Signs of a Drug and Alcohol Overdose and What to Do

If you suspect that someone is overdosing on drugs or alcohol, each second counts. Intervening early in an overdose can save a person’s life, but you must know what to look for. We’ll cover some of the signs that a person is suffering from an overdose and what you can do to help.

What to Do if Someone is Overdosing

An overdose is an urgent situation. Alcohol or drug overdose can lead to severe health consequences and may be fatal in some cases. If you suspect someone is overdosing, here is what you need to do:

  • Look for signs of an overdose.
  • Call 911 right away and follow the instructions of the operator. If you know which drugs the person has taken, relay that information to the operator.1
  • If it’s available, administer Narcan (generic: naloxone) if the person is showing any signs of an opioid overdose such as slowed breathing, tiny pupils or unconsciousness.
  • Move the person into the recovery position to prevent choking.
  • If the person is not breathing and there is no pulse, perform CPR (if trained to do so).
  • Stay with the individual until emergency services arrives.

Possible Signs of Overdose

Many overdose deaths may be prevented with quick medical intervention.2 In order to get someone the emergency medical treatment they need, you need to be aware of the signs of an alcohol or drug overdose. While it is important to note that different drugs can produce different overdose symptoms, there are some general indicators that a person is in danger and may be experiencing a potentially life-threatening overdose. If you have any suspicion that someone has overdosed, call for emergency help right away.


  • In some cases, a person experiencing an overdose will seem to be asleep.3 This can occur in overdoses from drugs that slow the central nervous system, such as opioids, benzodiazepines, barbiturates, other sedative-hypnotics, and alcohol.3,4,5,6 In the case of alcohol overdose, a person who is passed out may be left by friends to “sleep it off,” however, this can be extremely dangerous as alcohol levels may continue to rise even after drinking has stopped. Without help, the person may suffer lasting brain damage, may choke on their own vomit, and may die.5

Breathing Changes

  • Normally, people breathe in and breathe out in a regular rhythm. According to Johns Hopkins Medicine, normal breathing rates range from 12 breaths to 16 breaths per minute in an adult at rest. Someone in the midst of an overdose from a drug like heroin, alcohol, or prescription CNS depressants may breathe much slower than this, breathe irregularly, or stop breathing altogether.3,4,5
  • Overdosing on drugs like cocaine or prescription stimulants may lead to breathing rapidly or trouble breathing.7,8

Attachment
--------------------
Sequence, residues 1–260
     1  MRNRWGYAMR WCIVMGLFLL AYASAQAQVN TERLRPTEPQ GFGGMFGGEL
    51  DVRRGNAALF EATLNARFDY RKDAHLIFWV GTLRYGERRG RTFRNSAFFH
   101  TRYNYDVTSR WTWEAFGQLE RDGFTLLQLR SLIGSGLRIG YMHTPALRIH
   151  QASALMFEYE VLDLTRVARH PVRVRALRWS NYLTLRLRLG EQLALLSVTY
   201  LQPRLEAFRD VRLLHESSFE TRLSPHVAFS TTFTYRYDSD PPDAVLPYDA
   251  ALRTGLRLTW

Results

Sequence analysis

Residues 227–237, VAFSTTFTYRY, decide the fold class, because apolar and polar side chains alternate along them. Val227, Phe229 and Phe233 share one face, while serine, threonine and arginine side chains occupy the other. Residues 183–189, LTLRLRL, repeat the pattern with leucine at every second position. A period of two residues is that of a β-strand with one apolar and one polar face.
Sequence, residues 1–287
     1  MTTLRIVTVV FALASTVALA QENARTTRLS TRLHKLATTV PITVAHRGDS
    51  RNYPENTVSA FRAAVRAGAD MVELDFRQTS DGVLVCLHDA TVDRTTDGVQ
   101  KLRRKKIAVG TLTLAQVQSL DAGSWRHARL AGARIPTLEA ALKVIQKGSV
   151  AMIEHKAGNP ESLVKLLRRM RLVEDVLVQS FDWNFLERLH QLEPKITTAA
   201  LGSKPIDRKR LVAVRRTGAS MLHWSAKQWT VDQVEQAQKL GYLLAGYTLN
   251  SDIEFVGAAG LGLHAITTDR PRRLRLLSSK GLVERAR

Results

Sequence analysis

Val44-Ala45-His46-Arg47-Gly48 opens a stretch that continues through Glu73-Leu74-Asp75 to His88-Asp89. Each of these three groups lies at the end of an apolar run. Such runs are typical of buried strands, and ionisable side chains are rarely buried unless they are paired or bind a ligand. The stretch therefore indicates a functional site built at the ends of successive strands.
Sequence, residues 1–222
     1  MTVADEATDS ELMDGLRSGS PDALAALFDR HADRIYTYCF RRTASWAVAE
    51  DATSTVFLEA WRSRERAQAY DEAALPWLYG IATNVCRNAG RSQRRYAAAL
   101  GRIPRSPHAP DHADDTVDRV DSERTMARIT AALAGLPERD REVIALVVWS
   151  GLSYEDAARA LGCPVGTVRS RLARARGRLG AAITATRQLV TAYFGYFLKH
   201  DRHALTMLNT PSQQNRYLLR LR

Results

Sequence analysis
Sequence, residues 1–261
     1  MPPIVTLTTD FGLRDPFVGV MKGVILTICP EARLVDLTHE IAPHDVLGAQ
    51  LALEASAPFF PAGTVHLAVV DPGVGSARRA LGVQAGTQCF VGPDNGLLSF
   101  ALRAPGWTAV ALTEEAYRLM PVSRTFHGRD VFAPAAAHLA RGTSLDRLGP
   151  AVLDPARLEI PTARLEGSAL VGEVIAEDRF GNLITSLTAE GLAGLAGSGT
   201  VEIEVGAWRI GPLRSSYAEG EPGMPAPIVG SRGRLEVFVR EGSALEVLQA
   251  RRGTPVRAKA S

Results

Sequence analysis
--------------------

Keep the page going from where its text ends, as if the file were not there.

Body Temperature Changes

  • The U.S. National Library of Medicine suggests that normal body temperatures can range from about 97 to 99 degrees Fahrenheit.9 A person in the middle of an overdose may feel cold or clammy. The skin, lips, and nails might appear blue, which is a major warning sign that the person is in danger. This may occur in the case of opioid overdose, alcohol overdose, or other overdoses.5,1
  • Increased temperatures may indicate overdose from stimulants such as cocaine or prescription stimulants.7,8


  • Vomiting can help expel a toxic substance from the gastrointestinal system, so while it feels bad, it can serve an important purpose.10 Unfortunately, people suffering from an overdose can, and sometimes do, vomit while they are not awake. That could lead to choking on their own vomit, which could lead to very serious consequences, including brain damage or death.5

Rapid, Slow, or Irregular Heartbeat

  • Different drugs impact the heart in different ways. For example, stimulant drugs can cause the heart to race or an irregular heartbeat.8 On the other hand, people who take opioids such as heroin or morphine or drink too much might have a dangerously slowed heart rate or irregular heart rhythm.5,11 You can most easily check a person’s pulse on their wrist or neck. A normal adult resting rate is between 60 and 100 beats per minute.2,3

Chest Pain

  • Stimulant overdose may result in chest pain, palpitations, and even heart attack or stroke.7,12

Anxiety, Agitation, or Confusion


  • Overdose from certain drugs such as stimulants and alcohol are associated with seizure risk.5,12 If someone is experiencing a seizure, call 911 and stay with the person until medical personnel arrive.


  • Overdose from drugs like stimulants or cannabis may result in the onset of hallucinations,13 in which a person sees, hears, smells, or feels things that aren’t there. Hallucinations may lead to injuries resulting from accidents or self-harm. If you suspect that someone is hallucinating from an overdose, call 911 right away.

Get Help for Addiction at Sunrise House

When the crisis has passed, it may be a good time to attempt to bring up the issue of getting help. The overdose could be the wakeup call that person needs to recover. If you need more information about getting help for drug or alcohol addiction, contact our admissions navigators at today. They can help answer your questions about our drug rehab in Lafayette, NJ, rehab payment options, starting rehab admissions, and helping decide which levels of addiction treatment might be right for you or a loved one.

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